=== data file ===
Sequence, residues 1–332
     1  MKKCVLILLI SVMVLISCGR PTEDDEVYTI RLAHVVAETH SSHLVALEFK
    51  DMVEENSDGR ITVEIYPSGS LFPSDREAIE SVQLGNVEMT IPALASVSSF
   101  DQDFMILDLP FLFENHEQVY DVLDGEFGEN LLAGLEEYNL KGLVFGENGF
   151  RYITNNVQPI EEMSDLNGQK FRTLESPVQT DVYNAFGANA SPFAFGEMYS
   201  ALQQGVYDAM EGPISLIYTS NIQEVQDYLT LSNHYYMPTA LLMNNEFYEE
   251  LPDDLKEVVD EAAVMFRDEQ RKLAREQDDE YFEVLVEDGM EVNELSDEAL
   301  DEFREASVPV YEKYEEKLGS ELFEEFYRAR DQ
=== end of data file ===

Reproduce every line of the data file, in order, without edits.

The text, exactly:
Sequence, residues 1–332
     1  MKKCVLILLI SVMVLISCGR PTEDDEVYTI RLAHVVAETH SSHLVALEFK
    51  DMVEENSDGR ITVEIYPSGS LFPSDREAIE SVQLGNVEMT IPALASVSSF
   101  DQDFMILDLP FLFENHEQVY DVLDGEFGEN LLAGLEEYNL KGLVFGENGF
   151  RYITNNVQPI EEMSDLNGQK FRTLESPVQT DVYNAFGANA SPFAFGEMYS
   201  ALQQGVYDAM EGPISLIYTS NIQEVQDYLT LSNHYYMPTA LLMNNEFYEE
   251  LPDDLKEVVD EAAVMFRDEQ RKLAREQDDE YFEVLVEDGM EVNELSDEAL
   301  DEFREASVPV YEKYEEKLGS ELFEEFYRAR DQ